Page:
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DNABERT

Logo for DNABERT
Description
DNABERT generates a dense representation of a genome sequence by identifying contextually similar sequences in the human genome.
Publisher
NVIDIA
Latest Version
1.2
Modified
February 29, 2024
Size
304.64 MB

Model Overview

Description:

DNABERT generates a dense representation of a genome sequence by identifying contextually similar sequences in the human genome. DNABert is a DNA sequence model trained on sequences from the human reference genome Hg38.p13. DNABERT computes embeddings for each nucleotide in the input sequence. The embeddings are used as features for a variety of predictive tasks. This model is ready for commercial use.

References:

Gene2vec: distributed representation of genes based on co-expression | BMC Genomics | Full Text
DNABERT: pre-trained Bidirectional Encoder Representations from Transformers model for DNA-language in genome | bioRxiv
The Nucleotide Transformer: Building and Evaluating Robust Foundation Models for Human Genomics | bioRxiv
[2007.14062] Big Bird: Transformers for Longer Sequences | arxiv.org
[2306.15006] DNABERT-2: Efficient Foundation Model and Benchmark For Multi-Species Genome | arxiv.org

Model Architecture:

Architecture Type: BERT
Network Architecture: DNABERT

Input:

Input Type(s): Plain Text of nucleotide sequences (A, C, G, T).
Input Format(s): Fasta Format t
Input Parameters: One Dimensional (1D)

Output:

Output Type(s): Text predictions in the form of dense numerical embeddings.
Output Format: String
Output Parameters: 1D
Other Properties Related to Output: Numeric vector with one float-point value corresponding to each amino acid in the input protein sequence

Software Integration:

Runtime Engine(s):

  • BioNeMo, NeMo

Supported Hardware Microarchitecture Compatibility:

  • Ampere
  • Hopper
  • Volta

[Preferred/Supported] Operating System(s):

  • Linux

Model Version(s):

dnabert-86M.nemo, version 1.0

Training & Evaluation:

Training Dataset:

Link: Homo sapiens genome assembly GRCh38.p13 - NCBI - NLM (nih.gov)
Data Collection Method by dataset

  • Human

Labeling Method by dataset

  • Not Applicable

Properties: 3.2 Billion nucleotides of the human genome sequence..

Evaluation Dataset:

Link: Ensembl release 99 http://ftp.ensembl.org/pub/release-99/gff3/homo_sapiens/
Data Collection Method by dataset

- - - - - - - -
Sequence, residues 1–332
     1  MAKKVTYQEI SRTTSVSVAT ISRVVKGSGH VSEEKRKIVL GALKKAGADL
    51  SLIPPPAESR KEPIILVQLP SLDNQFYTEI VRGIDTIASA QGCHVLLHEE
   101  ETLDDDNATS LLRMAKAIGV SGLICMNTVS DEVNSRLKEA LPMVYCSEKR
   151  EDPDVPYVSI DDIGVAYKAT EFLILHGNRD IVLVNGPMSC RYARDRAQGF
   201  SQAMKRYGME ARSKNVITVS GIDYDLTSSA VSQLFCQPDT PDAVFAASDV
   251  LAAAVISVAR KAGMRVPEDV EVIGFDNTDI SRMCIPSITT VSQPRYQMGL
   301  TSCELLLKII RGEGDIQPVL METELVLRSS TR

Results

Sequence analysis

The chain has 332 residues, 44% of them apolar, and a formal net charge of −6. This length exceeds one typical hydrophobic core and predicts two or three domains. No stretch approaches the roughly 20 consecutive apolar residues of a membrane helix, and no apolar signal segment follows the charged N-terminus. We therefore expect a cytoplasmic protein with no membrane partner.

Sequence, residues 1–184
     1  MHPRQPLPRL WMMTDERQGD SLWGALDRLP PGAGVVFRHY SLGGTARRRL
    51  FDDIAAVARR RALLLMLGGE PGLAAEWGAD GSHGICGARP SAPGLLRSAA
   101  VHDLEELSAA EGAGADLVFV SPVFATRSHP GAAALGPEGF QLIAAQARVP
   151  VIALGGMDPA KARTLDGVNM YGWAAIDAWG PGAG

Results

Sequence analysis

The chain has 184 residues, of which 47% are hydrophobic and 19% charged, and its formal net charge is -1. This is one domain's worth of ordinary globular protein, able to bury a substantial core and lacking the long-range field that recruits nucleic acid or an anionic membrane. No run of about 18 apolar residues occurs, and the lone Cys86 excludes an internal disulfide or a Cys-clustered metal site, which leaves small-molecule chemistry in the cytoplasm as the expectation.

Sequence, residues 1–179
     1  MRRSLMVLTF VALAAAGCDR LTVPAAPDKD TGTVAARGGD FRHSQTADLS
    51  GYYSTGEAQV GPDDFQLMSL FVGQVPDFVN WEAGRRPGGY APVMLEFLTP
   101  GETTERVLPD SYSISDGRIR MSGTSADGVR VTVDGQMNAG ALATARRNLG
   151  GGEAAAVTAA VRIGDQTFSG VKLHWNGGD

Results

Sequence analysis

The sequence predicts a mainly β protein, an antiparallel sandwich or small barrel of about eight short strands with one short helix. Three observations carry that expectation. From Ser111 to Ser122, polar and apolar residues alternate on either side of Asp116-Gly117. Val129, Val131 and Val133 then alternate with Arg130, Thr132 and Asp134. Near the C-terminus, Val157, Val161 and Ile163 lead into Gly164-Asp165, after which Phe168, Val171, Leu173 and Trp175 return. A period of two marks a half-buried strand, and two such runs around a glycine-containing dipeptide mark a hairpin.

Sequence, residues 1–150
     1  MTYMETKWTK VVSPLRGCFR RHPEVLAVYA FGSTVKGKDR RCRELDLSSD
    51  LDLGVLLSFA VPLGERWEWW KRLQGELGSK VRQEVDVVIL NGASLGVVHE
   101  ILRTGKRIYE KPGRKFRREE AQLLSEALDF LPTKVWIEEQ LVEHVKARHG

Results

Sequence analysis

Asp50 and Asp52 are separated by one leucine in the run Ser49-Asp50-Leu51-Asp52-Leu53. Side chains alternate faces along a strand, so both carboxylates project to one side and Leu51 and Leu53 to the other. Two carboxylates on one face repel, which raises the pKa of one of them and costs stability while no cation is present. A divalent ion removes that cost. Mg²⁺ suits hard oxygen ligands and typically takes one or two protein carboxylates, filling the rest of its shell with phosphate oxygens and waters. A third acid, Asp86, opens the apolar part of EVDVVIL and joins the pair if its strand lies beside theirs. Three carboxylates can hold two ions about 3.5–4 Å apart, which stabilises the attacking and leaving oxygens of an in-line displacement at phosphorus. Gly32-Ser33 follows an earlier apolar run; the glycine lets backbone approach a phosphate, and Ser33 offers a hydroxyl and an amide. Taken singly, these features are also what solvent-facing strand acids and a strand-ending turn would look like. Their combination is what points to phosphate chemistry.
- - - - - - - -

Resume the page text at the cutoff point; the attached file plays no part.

• Human

Labeling Method by dataset

  • Hybrid: Automated, Human review

**Properties (Quantity, Dataset Descriptions, Sensor(s)):**There are ~80,000 unique gene isoforms with a varying amount of exons and thus spice sites. 30,000 splice-sites with full gene annotations are sampled for evaluation. Genes, or gene bodies, are the genomic body in which RNA transcripts are produced. This is a sequence of nucleotides. Within this gene body, there are constructs known as exons- non-contiguous chunks of DNA that are concatenated by cellular machinery into a complete RNA, known as a transcript. A specific arrangement of exons are known as an ‘isoform.’ Splice-sites are nucleotide sites within the gene body that are junctions, where transcription starts and ends for different exons where exons are ‘spliced’ from the gene body into a RNA sequence.
Dataset License(s): Apache 2.0

Inference:

Engine: BioNeMo, NeMo
Test Hardware:

  • Ampere
  • Hopper
  • Volta

Accuracy Benchmarks

To evaluate our implementation of DNABERT, we pre-trained the model for 400,000 steps with a minibatch size of 128, which is approximately equal to the number of samples used to pre-train the original publication. The model resulted in 86 million parameters. We next fine-tuned the model on the splice-site prediction task using the Ensembl GRCh38.p13 version 99 annotations. 10,000 donor sites, 10,000 acceptor sites, and 10,000 random negative sites (from gene bodies) were sampled and split into train (80%), validation (10%), and testing (10%). We then evaluated performance by measuring the f1_score, accuracy, and Matthews correlation coefficient (MCC). In accordinace with the original publication, we compute a confusion matrix for donors and acceptors separately, and then took the mean of each metric. In the case that a donor was predicted to be an acceptor, or an acceptor was predicted to be a donor, we labeled these as false positives.

Metric Value
donor_accuracy 0.9491
acceptor_accuracy 0.9345
donor_mcc 0.8982
acceptor_mcc 0.8691
donor_f1 0.9502
acceptor_f1 0.9361

Average Scores

Metric Value
avg_accuracy 0.9418
avg_mcc 0.8837
avg_f1 0.9432

Ethical Considerations:

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